Small birds may simply be washed and wiped dry, tied firmly, and roasted twenty minutes, dredging with flour, basting with butter and water, and adding a little currant jelly or wine to the gravy. They may be served on toast.
Cut the chicken into nice pieces for serving. Roll in flour, or, if preferred, in beaten egg and crumbs. Heat a cupful of nice dripping or lard; add a teaspoonful of salt and a saltspoonful of pepper; lay in the pieces, and fry brown on each side, allowing not less than twenty minutes for the thickest pieces and ten for the thin ones. Lay on a hot platter, and make a gravy by adding one tablespoonful of flour to the fat, stirring smooth, and adding slowly one cupful of boiling water or stock. Strain over the chicken. Milk or cream is often used instead of water.
Fry one or two chickens as above, using only flour to roll them in. Three or four slices of salt pork may be used, cutting them in bits, and frying brown, before putting in the chicken. When fried, lay the pieces in a saucepan, and cover with warm water, adding one teaspoonful of salt and a saltspoonful of pepper. Cover closely, and stew one hour, or longer if the chickens are old. Take up the pieces, and thicken the gravy with one tablespoonful of flour, first stirred smooth in a little cold water. Or the flour may be added to the fat in the pan after frying, and water enough for a thin gravy, which can all be poured into the saucepan, though with this method there is more danger of burning. If not dark enough, color with a teaspoonful of caramel. By adding a chopped onion fried in the fat, and a teaspoonful of curry-powder, this becomes a curry, to be served with boiled rice.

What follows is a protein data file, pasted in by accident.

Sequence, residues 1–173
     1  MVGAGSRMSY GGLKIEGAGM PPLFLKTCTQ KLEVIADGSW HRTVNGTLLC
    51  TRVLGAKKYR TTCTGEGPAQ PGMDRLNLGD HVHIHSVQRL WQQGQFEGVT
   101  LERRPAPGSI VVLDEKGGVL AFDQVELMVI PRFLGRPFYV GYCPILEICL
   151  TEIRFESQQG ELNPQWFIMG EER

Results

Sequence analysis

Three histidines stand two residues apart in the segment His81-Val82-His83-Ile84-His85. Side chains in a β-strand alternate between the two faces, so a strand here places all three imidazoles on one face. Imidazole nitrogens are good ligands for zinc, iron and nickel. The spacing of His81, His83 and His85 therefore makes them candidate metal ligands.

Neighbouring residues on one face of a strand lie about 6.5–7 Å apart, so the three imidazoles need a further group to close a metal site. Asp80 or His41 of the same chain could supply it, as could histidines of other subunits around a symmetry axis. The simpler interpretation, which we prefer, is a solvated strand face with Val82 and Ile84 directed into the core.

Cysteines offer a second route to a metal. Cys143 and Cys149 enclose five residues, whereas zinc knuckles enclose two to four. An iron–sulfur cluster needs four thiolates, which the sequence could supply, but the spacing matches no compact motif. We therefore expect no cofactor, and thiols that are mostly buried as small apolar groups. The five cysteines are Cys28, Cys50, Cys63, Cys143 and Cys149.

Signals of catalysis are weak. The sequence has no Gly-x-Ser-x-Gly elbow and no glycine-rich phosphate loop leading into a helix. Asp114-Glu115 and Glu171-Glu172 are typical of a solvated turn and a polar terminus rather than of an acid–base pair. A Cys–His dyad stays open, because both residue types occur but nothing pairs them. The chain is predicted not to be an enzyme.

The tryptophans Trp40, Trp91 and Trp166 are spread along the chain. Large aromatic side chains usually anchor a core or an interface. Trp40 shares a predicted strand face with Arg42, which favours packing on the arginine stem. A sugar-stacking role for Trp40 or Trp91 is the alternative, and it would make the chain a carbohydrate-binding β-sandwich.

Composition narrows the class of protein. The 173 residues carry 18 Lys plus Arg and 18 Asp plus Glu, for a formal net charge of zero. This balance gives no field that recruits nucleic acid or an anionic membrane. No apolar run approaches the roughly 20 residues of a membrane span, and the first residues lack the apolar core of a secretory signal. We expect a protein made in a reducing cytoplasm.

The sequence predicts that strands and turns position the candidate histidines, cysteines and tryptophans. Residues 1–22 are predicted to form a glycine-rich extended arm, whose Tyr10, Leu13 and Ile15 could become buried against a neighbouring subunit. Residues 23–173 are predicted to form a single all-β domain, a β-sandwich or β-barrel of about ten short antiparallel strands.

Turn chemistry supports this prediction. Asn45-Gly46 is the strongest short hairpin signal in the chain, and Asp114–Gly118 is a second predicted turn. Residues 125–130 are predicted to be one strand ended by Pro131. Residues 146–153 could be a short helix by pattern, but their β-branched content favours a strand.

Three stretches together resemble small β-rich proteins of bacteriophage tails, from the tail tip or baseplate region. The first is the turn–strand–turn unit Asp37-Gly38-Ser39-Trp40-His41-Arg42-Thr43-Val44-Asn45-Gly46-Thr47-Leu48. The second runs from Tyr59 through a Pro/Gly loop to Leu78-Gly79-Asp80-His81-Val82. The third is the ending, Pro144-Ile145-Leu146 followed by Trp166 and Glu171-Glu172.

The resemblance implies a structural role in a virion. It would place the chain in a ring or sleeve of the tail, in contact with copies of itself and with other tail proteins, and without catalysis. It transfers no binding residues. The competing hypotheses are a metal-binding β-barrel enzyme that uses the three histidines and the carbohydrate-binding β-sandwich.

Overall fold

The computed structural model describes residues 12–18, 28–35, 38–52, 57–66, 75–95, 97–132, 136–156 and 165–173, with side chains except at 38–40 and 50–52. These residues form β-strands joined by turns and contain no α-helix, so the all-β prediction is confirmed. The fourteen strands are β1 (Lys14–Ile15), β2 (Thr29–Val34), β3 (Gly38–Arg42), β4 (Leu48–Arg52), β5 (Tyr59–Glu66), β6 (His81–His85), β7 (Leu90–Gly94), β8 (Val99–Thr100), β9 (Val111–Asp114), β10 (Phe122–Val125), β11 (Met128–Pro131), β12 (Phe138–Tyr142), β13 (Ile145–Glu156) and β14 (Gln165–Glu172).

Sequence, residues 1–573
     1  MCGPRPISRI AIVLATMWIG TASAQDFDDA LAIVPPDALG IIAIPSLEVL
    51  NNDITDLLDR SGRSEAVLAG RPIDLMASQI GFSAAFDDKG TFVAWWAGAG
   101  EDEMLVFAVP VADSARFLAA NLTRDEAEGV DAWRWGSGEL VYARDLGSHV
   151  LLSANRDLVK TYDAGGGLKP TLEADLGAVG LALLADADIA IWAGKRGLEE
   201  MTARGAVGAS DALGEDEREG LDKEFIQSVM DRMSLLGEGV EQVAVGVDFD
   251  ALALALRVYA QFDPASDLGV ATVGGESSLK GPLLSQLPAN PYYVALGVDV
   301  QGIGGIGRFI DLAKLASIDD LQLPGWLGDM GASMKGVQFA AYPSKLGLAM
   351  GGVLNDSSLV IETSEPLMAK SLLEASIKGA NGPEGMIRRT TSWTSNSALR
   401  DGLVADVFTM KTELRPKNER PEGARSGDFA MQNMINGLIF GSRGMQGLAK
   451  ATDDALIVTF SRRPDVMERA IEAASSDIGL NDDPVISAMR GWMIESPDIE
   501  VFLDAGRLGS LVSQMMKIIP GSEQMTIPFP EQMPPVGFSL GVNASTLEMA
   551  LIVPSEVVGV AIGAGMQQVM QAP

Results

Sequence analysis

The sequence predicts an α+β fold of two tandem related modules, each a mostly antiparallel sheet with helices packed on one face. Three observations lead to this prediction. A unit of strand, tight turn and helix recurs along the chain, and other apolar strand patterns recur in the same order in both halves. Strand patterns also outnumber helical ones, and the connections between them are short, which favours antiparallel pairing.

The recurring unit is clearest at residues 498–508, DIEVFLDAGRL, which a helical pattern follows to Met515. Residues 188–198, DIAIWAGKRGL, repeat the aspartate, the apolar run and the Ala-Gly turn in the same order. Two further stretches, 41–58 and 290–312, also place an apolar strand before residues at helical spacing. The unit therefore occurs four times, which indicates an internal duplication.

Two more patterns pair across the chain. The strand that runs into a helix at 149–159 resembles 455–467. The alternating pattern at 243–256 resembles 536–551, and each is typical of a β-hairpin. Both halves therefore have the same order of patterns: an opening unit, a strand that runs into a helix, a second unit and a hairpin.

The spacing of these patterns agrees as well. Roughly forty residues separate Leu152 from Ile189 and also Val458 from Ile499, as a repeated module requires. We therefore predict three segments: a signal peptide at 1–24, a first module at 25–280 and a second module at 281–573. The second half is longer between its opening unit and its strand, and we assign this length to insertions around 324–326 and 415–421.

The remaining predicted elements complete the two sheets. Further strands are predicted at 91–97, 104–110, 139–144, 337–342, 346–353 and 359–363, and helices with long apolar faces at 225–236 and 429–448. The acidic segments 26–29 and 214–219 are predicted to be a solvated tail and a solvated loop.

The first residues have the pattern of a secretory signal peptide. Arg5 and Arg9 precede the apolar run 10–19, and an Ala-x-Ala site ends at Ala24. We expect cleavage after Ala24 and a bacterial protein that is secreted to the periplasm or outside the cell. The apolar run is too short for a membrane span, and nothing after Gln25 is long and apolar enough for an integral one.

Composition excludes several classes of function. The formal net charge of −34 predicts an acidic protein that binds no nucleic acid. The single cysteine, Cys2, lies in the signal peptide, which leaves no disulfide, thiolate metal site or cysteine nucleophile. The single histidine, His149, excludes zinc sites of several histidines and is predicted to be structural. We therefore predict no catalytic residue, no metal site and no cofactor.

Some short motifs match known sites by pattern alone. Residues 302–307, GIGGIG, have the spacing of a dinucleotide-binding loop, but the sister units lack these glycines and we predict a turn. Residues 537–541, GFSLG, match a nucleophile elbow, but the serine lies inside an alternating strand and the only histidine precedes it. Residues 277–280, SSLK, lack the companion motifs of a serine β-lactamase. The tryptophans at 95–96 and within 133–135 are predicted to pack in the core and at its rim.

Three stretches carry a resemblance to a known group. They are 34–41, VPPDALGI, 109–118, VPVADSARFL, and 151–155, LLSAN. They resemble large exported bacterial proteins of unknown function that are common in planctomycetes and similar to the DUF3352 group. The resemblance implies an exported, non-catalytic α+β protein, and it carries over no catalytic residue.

Cut up the chicken as in brown fricassee, and stew without frying for an hour and a half, reducing the water to about one pint. Take up the chicken on a hot platter. Melt one tablespoonful of butter in a saucepan, and add a heaping tablespoonful of flour, stirring constantly till smooth. Pour in slowly one cup of milk, and, as it boils and thickens, add the chicken broth, and serve. This becomes a pot-pie by adding biscuit-crust as in rule for veal pot-pie, p. 150, and serving in the same way. The same crust may also be used with a brown fricassee, but is most customary with a white.